A Polish proposal to increase logging in the ancient Białowieża Forest is drawing fresh criticism from scientists. They suspect that the motives are partly commercial, and dispute claims that an outbreak of bark beetle threatens the forest. The Polish Ministry of the Environment says that there is no commercial benefit to the proposed logging and insists that it is needed for pest control.
A Białowieża management plan limits logging in the forest to 48,000 cubic metres of wood per year — enough to allow locals to gather firewood. But on 10 November, the local forest administration proposed an amendment that would allow large-scale logging in sections outside the central 17% of the forest that is a national park. They cited an outbreak of the bark beetle pest (Ips typographus) in Białowieża’s Norway spruce (Picea abies). In one forest district where logging is currently limited to 6,000 m3 per year, the allowable yearly volume would increase to 53,000 m3.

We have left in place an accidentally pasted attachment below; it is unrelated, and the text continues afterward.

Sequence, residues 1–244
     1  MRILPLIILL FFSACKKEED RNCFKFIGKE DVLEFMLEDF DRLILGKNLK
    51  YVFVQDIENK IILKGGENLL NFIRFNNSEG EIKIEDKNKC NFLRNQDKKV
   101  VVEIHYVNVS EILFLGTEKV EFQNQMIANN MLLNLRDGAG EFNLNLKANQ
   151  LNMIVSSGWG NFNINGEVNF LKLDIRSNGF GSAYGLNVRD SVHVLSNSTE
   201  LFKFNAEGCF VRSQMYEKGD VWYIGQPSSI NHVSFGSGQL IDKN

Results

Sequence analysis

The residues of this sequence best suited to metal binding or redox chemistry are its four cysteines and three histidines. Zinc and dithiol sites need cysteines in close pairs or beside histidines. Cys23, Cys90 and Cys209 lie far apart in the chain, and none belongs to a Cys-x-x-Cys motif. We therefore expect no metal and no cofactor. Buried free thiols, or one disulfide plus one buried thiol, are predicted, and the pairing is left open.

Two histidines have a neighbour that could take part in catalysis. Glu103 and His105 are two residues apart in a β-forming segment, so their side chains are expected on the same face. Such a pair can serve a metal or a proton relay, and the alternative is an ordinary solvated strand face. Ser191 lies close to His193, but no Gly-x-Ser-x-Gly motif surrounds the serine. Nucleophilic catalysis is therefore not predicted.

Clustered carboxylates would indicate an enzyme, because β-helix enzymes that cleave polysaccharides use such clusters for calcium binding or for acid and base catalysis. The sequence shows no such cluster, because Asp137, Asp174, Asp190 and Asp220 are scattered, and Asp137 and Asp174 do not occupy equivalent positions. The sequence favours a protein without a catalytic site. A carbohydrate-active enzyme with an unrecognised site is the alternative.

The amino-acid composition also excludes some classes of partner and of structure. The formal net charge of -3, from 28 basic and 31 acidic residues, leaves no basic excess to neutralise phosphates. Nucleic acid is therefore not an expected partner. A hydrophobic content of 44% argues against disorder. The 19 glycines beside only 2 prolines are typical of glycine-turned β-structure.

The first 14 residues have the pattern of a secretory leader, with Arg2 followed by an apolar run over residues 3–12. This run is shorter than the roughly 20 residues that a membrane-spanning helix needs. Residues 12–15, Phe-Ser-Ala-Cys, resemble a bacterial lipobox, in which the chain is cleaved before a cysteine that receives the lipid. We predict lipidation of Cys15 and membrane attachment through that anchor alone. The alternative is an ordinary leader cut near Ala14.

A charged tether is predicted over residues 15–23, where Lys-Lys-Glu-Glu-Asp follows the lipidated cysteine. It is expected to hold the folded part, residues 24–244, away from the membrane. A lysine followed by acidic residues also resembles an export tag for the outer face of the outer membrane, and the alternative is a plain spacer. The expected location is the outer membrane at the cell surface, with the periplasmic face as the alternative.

On 18 November, scientists with Poland’s State Council for Nature Conservation condemned the proposal; public protests have followed. Polish biologists express other concerns in two Correspondence articles in Nature (P. Chylarecki and N. Selva Nature 530, 419; 2016; P. Michalak Nature 530, 419; 2016).